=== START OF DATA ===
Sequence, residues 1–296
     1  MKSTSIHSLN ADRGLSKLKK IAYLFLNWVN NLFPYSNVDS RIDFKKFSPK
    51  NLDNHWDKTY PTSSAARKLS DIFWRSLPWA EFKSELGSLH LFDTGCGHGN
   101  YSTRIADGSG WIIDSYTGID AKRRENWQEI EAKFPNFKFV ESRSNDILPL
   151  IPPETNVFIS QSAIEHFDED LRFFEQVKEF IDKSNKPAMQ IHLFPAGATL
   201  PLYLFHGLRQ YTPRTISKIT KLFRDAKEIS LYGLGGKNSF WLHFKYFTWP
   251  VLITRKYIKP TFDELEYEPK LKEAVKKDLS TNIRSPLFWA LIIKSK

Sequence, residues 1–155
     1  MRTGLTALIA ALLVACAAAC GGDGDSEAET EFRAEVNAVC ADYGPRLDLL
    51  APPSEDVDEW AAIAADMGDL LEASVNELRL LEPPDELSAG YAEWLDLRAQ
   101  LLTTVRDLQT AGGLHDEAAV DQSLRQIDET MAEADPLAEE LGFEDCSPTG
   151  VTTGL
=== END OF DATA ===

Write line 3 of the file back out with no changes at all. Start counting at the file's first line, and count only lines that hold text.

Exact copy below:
    51  NLDNHWDKTY PTSSAARKLS DIFWRSLPWA EFKSELGSLH LFDTGCGHGN